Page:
Healthy fats 

If you're dealing with osteoarthritis and want to soothe your joints, it may help to eat more fish, especially oily ones like sardines, mackerel, and salmon. These fish contain special fats called long-chain omega-3 polyunsaturated fatty acids, which are like natural inflammation fighters for your joints.

Try to include fish in your meals at least twice a week, and make sure one of those times it's an oily fish. Alternatively, you can consider fish oil capsules. The key is to take a dose that gives you around 450 mg of EPA and DHA each day if you're an adult.

While there's more to learn about how fish oil exactly helps with osteoarthritis, studies have shown that 450 mg of EPA and DHA a daycan reduce pain and improve joint function, especially for sufferers of knee osteoarthritis. Plus, it's the same amount recommended to lower the risk of heart problems.

However, not all fats are good for your joints. Omega-6 polyunsaturated fats, found in oils like sunflower, safflower, corn, and grapeseed, could actually worsen your symptoms by promoting inflammation. Similarly, saturated fats, which are mainly found in animal products, might not be great for your joints either.¹² 

These changes in your diet can go a long way in helping your joints and keeping inflammation under control, especially if you're dealing with osteoarthritis.

Summary

  • Osteoarthritis (OA) is a common joint condition causing pain, stiffness, and limited mobility. Our diets play a significant role in managing OA, and understanding its impact is essential
  • Excess weight increases strain on joints and inflammation, worsening the symptoms of osteoarthritis. Evidence suggests that losing at least 10% of your body weight can reduce pain and improve physical function in OA
  • High-sugar foods, especially those with added sugars (like soft drinks), can contribute to obesity and inflammation, potentially aggravating OA symptoms. Cutting back on sugary foods may help
  • High-fat diets, particularly in obese individuals, can lead to more severe OA symptoms. Replacing saturated and unhealthy fats with healthier options like olive oil can be beneficial
  • Whole grains like brown rice, quinoa, and barley are recommended for OA management, as they reduce inflammation. Additionally, incorporating omega-3-rich oily fish and limiting omega-6 polyunsaturated fats can help relieve OA symptoms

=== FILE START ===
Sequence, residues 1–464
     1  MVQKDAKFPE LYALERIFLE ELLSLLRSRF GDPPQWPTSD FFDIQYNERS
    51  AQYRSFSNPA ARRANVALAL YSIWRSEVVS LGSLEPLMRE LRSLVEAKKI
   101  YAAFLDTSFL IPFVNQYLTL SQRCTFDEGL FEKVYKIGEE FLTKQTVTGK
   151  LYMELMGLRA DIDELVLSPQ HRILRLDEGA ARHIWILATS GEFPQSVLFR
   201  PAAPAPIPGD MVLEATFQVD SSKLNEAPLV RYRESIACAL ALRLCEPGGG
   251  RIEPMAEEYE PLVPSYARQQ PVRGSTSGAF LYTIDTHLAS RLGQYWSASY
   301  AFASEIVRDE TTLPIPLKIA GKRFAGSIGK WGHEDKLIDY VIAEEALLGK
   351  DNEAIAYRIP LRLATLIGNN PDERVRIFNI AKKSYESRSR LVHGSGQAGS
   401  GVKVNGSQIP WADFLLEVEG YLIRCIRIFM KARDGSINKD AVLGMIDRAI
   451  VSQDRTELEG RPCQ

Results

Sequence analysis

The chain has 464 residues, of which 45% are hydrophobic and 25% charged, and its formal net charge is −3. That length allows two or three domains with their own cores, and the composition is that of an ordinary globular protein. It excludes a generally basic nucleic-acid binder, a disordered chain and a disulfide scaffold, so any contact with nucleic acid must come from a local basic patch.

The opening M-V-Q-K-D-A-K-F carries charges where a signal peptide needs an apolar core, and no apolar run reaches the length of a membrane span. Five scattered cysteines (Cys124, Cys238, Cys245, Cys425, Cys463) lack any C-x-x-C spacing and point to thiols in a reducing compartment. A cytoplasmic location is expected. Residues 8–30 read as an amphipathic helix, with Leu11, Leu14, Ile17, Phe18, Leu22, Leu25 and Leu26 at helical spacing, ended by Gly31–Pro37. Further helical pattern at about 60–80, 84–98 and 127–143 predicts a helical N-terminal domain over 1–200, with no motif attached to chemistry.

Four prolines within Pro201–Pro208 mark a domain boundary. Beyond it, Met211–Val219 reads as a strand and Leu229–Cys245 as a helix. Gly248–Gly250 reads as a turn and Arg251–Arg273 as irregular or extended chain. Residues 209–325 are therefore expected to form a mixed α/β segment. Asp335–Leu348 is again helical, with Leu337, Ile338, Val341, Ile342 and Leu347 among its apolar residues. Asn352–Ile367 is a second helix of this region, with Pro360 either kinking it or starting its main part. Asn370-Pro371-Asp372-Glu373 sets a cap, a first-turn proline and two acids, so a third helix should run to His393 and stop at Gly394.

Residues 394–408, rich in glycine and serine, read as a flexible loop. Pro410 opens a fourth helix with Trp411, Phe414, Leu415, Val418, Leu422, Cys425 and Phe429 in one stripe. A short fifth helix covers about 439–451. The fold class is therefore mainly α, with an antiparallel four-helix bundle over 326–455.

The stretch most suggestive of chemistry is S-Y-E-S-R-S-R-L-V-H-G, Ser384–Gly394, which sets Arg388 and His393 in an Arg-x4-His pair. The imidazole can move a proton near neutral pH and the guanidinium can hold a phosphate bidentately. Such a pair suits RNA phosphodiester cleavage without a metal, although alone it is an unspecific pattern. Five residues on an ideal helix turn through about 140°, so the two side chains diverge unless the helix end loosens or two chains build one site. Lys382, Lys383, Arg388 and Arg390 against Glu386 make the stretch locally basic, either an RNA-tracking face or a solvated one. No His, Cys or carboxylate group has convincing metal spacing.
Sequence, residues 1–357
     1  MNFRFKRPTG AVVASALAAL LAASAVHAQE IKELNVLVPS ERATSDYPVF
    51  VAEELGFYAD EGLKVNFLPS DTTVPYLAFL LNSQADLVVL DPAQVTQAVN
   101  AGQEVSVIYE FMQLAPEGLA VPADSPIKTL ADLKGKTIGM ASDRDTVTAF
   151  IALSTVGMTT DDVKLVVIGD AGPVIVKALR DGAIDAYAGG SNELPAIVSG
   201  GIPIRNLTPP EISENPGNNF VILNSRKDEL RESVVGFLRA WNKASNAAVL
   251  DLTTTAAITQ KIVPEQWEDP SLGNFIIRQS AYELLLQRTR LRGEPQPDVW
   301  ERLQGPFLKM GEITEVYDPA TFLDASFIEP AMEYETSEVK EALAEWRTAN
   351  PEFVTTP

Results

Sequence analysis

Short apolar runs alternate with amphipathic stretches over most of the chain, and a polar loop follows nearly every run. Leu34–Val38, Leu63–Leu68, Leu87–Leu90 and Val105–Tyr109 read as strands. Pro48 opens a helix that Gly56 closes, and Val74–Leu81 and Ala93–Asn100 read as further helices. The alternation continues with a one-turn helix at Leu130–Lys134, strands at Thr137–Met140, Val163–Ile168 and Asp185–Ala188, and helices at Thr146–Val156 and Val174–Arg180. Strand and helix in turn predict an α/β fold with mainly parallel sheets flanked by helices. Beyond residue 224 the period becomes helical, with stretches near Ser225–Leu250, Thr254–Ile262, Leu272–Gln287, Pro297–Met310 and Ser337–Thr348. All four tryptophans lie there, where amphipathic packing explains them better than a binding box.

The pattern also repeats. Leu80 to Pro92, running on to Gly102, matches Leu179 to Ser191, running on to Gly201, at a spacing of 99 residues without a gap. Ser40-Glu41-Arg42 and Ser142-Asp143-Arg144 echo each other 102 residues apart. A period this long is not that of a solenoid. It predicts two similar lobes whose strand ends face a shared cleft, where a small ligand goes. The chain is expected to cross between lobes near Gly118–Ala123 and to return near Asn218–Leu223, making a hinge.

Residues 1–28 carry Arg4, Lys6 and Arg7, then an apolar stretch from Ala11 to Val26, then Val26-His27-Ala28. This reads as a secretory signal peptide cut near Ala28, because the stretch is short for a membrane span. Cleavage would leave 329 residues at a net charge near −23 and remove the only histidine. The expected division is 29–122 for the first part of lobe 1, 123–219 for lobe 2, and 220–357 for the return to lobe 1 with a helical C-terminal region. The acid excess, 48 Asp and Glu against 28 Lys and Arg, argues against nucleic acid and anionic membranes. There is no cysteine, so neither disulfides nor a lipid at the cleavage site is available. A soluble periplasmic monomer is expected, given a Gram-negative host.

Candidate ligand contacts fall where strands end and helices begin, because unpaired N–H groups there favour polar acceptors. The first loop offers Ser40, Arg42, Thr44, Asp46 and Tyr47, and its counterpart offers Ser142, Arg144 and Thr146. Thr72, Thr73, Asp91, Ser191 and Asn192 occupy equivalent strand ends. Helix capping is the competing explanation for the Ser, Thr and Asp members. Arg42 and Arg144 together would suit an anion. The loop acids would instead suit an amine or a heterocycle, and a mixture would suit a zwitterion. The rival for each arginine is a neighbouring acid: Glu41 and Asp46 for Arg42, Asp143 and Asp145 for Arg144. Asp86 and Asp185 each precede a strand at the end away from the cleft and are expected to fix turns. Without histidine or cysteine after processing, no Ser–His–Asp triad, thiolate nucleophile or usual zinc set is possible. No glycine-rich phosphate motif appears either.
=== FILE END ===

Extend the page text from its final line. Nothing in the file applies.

References 

  1. BDA. Osteoarthritis and diet [Internet]. Accessible via https://www.bda.uk.com/resource/osteoarthritis-diet.html.
  2. Versus Arthritis. Eating well with arthritis [Internet]. Accessible via https://www.versusarthritis.org/about-arthritis/managing-symptoms/diet/
  3. Kokubo Y, Higashiyama A, Watanabe M, Miyamoto Y. A comprehensive policy for reducing sugar beverages for healthy life extension. Environ Health Prev Med. 2019; 24:13.
  4. Levy-Costa RB, Sichieri R, Pontes NDS, Monteiro CA. Disponibilidade domiciliar de alimentos no Brasil: distribuição e evolução (1974-2003). Rev Saúde Pública. 2005; 39:530–540.
  5. Lelis DDF, Andrade JMO, Almenara CCP, Broseguini-Filho GB, Mill JG, Baldo MP. High fructose intake and the route towards cardiometabolic diseases. Life Sciences. 2020; 259:118235.
  6. Mooney RA, Sampson ER, Lerea J, Rosier RN, Zuscik MJ. High-fat diet accelerates progression of osteoarthritis after meniscal/ligamentous injury. Arthritis Res Ther. 2011; 13:R198.
  7. Achmad A, Suharjono S, Soeroso J, Suprapti B, Siswandono, Pristianty L, et al. The sodium does not affect joint pain and functional activity of knee osteoarthritis patients. J Public Health Afr. 2023; 14:2494.
  8. Felson DT. Risk Factors for Osteoarthritis: Understanding Joint Vulnerability. Clinical Orthopaedics & Related Research 2004; 427: S16–S21.
  9. 8 Food Ingredients That Can Cause Inflammation - Arthritis Foundation, https://www.arthritis.org/health-wellness/healthy-living/nutrition/foods-to-limit/8-food-ingredients-that-can-cause-inflammation
  10. Su X, Zhang J, Wang H, Xu J, He J, Liu L, et al. Phenolic Acid Profiling, Antioxidant, and Anti-Inflammatory Activities, and miRNA Regulation in the Polyphenols of 16 Blueberry Samples from China. Molecules. 2017; 22: 312.
  11. Arthritis Foundation. Best Grains for Arthritis [Internet]. Accessible via https://www.arthritis.org/health-wellness/healthy-living/nutrition/healthy-eating/best-grains-for-arthritis
  12. NHS. Arthritis - Living with arthritis [Internet]. Accessible via https://www.nhs.uk/conditions/arthritis/living-with/